I'm a bit of a nerd and as such, I've always strived to keep all the engine work in house. I worked with the same engine builder for twenty years on my motorcycle stuff and convinced him to join me to run the cars. He did all the YB engines for the Chevron, the DF and small block Chevy engines for the two Spice and the XB and XD Indy and ChampCar motors. There were no mistakes for over twenty years then, within a three month period, he failed to check valve clearance on one SB Chevy Spice engine and one Cosworth XD. Both had new pistons and both failed due to valve to piston collision. The reason for the poor build quality is still a mystery and I may never know exactly why it happened but the net result was that I now had the opportunity to build the engines myself as opposed to offering technical assistance and just watching the process. Luckily, my builder had done a very good job of teaching me the fundamentals of quality engine refreshing especially in critical areas like prepping and assembling cylinder heads and, yes, even checking valve drop to confirm proper piston to valve clearance.
Over the next few weeks I will attempt to document the XD build process. I will try to include detailed pictures to augment the Cosworth XD build manual and to visually explain the more complicated elements of the build process. Before I get started with the build it is helpful to understand the XD development progress through the 1999 specification which is the only specification that Cosworth in Torrance ships. (Ed Pink Engines just purchased the XD program from Torrance and it is unclear just yet as to how the engines will be offered). Knowing the engine's weaknesses helps you to focus your attention during disassembly inspection which is a critical part of the refresh process.
A good bit of progress has been made on the issues facing today's users of the 1999 specification XD. The first is ring seal. If you take a look at the 99 specification road course XD piston below, you will notice that Cosworth did a tremendous job of reducing friction resulting in increased horsepower. One of the ways they did this was to use one 0.026" compression ring! This approach is great for competition but not so good for us vintage guys looking for more than three or four hours of ring seal. The solution is to use the 500 mile specification piston which uses a more standard twin 0.039" compression ring setup. This approach has provided in excess of forty hours of ring seal in the XBs. I have always run my Cosworth engines 6% rich and have never had a problem with cylinders going out of round or rings loosing seal.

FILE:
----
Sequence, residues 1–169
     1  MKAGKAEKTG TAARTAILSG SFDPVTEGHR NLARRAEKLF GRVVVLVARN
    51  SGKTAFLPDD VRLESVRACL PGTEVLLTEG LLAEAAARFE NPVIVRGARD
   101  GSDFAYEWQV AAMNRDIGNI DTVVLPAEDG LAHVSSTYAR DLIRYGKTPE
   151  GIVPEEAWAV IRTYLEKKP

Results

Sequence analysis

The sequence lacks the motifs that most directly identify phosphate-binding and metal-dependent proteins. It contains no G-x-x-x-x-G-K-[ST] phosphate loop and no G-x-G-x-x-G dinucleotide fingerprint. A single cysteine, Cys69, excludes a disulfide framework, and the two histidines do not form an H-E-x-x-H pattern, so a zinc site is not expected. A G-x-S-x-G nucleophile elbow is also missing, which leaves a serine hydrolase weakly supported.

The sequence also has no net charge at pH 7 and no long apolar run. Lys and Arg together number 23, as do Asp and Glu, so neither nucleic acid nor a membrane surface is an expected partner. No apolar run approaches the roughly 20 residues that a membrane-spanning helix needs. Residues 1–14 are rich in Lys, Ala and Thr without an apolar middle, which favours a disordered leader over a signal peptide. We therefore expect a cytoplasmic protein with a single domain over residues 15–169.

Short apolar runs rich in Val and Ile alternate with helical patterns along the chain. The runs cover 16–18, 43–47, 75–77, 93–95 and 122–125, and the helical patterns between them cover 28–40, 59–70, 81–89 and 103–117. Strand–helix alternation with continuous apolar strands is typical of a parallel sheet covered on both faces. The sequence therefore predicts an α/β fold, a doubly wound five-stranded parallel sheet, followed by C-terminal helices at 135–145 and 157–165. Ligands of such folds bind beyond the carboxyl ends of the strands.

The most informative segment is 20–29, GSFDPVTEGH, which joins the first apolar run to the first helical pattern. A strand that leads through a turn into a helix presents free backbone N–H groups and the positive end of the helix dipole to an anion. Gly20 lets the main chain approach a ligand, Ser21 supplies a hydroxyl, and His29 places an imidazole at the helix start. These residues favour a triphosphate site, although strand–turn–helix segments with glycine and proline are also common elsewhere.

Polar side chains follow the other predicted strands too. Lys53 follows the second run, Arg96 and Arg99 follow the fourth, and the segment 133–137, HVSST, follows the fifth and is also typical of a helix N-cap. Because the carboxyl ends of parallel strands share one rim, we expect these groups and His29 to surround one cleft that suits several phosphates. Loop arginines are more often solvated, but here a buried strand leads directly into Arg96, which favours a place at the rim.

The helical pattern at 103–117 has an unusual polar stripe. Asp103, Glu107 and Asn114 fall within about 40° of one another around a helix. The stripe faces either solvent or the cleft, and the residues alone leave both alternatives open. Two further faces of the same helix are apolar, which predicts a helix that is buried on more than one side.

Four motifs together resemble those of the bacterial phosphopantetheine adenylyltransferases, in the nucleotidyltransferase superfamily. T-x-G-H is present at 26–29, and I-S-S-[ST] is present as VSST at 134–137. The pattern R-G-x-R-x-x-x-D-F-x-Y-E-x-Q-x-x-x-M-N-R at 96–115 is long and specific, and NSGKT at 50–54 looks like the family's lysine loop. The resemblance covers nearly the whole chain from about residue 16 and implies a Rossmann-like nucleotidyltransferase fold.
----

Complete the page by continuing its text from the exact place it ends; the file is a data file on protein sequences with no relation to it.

The second task was to address the relatively short valve spring and cam drive life. Broken springs and failed cam drive gears/chains were a primary source of failure in competition and remain the major weak point of the 1999 specification XD. The primary elements of long spring life are the forces that the spring must generate to control the follower as it traverses the cam lobe, the range of movement of the spring and the quality of the spring (especially the steel). My first thought was to take duration out of the cams as I was no longer running the 14,500 to 14,700 RPM limits used in competition. A quick conference call with the leading spring designer at PSI and one of the premier specialty cam grinders in the US quickly fixed that notion. As a result, I packed the intake and exhaust cams to send to the cam grinder to be profiled and the valve train components up and sent them off to PSI for a kinematics analysis. As suspected, PSI used the cam profile data from the grinder and came to the determined that the existing spring package was of high quality but was very highly stressed. The solution to the problem turned out to be rather simple and a plan was put in motion.